This is a guest post by Adam Goodman, author of “Following The Goods.” If you like what you see here, please check out his weblog and subscribe to his RSS feed.
Itâ€™s unfortunate, but my story isnâ€™t original. Iâ€™m 29, educated, and up until four years ago, I never saw the need to understand how to manage my finances. For some reason, I always assumed that my finances would magically manage themselves. Thatâ€™s how I ended up owing the bank a huge student loan, having no savings, and living in my momâ€™s basement, wishing I had done things differently when I was younger.
Many young people arenâ€™t interested in financial management, and who can blame them? The name alone must scare people away. It sounds intimidating, but itâ€™s an important topic that needs to be taught at an early age. And therein lies the problem… It needs to be taught, but it often gets left at the sidelines until itâ€™s much too late.
Few parents talk about finances at the dinner table, and even fewer K-12 education systems mandate learning how to manage your finances. This is somewhat ironic, because people use financial management every day, whether they know it or not (remember, bad financial management is still financial management – itâ€™s just ineffective). I should note that there are some great programs out there to help teach young people about finances.
Without a burning platform, people arenâ€™t motivated to learn. If your parents are always helping you out financially, youâ€™ll never know why compound interest is important. If your spouse is always paying the bills, youâ€™ll never know why you need to pay off high interest debt first. If youâ€™re always living paycheck-to-paycheck, youâ€™ll never know why a budget is important. If you donâ€™t understand how budgeting works, youâ€™ll never know why you need to start saving for retirement as soon as possible.
Where to Start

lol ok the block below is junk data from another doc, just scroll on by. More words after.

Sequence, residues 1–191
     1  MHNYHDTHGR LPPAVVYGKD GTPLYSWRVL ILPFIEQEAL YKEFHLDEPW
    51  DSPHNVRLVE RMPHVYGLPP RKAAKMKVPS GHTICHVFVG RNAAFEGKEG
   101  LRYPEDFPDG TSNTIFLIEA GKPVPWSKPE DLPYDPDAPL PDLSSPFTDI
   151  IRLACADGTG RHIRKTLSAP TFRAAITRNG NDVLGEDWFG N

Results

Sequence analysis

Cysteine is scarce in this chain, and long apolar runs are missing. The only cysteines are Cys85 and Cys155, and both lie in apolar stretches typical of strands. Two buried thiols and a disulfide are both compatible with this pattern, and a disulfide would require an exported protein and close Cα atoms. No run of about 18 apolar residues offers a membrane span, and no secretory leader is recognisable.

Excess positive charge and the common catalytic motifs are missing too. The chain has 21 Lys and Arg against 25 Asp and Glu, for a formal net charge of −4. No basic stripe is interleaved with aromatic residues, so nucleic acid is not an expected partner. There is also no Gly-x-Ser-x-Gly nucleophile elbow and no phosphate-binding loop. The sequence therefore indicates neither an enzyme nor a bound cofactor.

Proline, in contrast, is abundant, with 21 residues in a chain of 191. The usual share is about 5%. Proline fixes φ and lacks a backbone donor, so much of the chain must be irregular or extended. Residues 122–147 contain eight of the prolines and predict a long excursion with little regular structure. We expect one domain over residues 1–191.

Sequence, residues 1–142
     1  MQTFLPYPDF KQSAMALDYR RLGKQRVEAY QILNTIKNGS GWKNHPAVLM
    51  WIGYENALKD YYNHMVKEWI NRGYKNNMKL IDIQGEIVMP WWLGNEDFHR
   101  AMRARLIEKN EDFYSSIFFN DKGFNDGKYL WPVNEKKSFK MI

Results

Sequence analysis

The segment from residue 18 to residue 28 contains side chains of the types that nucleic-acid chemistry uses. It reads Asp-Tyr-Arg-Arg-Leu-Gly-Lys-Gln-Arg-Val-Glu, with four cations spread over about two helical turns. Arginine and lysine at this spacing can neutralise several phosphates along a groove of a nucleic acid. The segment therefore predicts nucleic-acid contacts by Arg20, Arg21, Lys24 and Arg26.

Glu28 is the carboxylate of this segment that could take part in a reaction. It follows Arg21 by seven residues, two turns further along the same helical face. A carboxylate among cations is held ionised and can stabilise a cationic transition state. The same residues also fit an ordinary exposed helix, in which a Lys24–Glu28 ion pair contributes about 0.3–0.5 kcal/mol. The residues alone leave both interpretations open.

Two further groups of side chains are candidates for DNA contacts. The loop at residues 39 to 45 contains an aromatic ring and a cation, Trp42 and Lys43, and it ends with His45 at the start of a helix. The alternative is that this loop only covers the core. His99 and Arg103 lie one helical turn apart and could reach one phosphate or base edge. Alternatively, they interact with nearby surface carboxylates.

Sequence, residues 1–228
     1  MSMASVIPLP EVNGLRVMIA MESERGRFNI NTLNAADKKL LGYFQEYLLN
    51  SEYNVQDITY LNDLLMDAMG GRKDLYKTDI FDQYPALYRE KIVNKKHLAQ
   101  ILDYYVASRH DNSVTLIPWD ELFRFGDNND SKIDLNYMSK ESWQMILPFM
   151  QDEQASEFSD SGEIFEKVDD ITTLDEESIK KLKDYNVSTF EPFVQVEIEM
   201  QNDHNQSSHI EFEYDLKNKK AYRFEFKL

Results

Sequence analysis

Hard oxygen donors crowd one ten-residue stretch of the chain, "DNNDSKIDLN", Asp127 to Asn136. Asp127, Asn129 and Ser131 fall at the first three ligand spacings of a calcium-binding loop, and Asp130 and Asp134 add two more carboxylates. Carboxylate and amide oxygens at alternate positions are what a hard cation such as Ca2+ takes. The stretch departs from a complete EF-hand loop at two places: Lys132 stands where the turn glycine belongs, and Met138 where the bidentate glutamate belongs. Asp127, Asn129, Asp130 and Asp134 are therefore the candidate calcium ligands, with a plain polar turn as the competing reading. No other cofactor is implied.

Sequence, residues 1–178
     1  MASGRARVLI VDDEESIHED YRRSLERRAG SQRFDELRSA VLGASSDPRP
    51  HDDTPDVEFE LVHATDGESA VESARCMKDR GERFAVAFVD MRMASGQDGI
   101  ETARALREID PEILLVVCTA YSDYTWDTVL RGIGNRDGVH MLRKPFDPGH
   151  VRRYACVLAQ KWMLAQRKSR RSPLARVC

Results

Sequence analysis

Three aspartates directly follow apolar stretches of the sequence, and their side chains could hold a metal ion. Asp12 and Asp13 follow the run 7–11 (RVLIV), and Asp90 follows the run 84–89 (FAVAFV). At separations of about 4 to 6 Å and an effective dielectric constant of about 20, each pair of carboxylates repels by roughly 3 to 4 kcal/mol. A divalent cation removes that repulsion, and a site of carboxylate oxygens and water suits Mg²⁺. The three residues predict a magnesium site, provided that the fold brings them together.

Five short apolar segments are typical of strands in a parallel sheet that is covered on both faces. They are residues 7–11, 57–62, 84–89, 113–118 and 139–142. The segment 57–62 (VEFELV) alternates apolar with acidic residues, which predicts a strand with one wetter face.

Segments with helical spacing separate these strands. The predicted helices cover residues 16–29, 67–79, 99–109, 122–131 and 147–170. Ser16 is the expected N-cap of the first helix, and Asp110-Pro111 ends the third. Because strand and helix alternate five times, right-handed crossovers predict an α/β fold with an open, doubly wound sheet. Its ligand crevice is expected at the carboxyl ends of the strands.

Itâ€™s never too late to learn and change your habits, but imagine if you could start following sound financial management advice when you were 15, as opposed to 30. Thatâ€™s 15 extra years of doing things right, and no matter how much money you make, the earlier you start budgeting and saving, the better off youâ€™ll be. As a side note, if you donâ€™t know what compound interest is, now would be an excellent time to look it up.
So what does a person need to do? Well, there is a lot of great information out there, but you have to look for it. Not only that, but you have to want to learn about it. Iâ€™m sure many of you are convinced of the importance of doing this, but don’t know where to start. At a minimum, you need to understand the basics of financial management, including (in no particular order):
- Understanding what the equation Income â€“ Expenses = Savings means
- Knowing where you spend your money (what is an expense?)
- The difference between things you want and things you need, and knowing how to prioritize them
- The future cost of living – how much will that 4 bedroom house really cost you?
- Setting financial goals and making budgets to meet them
- How compound interest works (both for and against you)
- When is credit good, and when is it bad?
- The basics of investing
- Why you need to start saving for retirement today
- How to maintain your education (and share what you learn with others)
Remember, personal financial management might sound scary and complex, but itâ€™s really not that hard. In fact, it’s nowhere near as scary as scary as meeting your in-laws for the first time. Financial management is not something that youâ€™ll learn overnight. It takes time to master your finance, but the payoff is well worth the trouble. Take ownership of your finances and start your education today.